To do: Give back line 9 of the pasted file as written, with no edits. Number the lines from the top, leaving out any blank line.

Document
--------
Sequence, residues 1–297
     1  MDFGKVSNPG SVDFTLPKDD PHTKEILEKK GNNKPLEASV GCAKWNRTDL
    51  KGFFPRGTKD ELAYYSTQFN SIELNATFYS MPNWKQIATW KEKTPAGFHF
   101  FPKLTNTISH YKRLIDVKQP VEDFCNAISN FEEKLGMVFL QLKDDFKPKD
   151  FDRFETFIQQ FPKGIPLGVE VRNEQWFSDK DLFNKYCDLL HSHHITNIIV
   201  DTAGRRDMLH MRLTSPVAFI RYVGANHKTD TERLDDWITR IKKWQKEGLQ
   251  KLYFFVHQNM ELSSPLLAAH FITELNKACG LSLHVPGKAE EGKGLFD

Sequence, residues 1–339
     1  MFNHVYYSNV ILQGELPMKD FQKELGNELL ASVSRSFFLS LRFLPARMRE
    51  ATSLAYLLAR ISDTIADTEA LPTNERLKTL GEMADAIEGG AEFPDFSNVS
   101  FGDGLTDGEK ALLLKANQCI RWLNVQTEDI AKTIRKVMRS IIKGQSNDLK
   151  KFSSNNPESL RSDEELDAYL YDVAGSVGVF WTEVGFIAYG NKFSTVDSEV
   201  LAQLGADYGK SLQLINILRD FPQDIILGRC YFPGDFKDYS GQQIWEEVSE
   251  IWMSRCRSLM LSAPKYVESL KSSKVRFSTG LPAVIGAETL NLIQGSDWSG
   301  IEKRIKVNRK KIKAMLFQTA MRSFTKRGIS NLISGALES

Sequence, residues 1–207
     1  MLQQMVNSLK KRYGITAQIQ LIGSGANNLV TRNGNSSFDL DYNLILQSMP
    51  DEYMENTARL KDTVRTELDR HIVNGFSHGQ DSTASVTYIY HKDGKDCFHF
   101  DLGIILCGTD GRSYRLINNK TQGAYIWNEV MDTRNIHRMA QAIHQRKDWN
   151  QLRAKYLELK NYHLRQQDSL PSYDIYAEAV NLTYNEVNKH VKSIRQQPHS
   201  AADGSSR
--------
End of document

     1  MFNHVYYSNV ILQGELPMKD FQKELGNELL ASVSRSFFLS LRFLPARMRE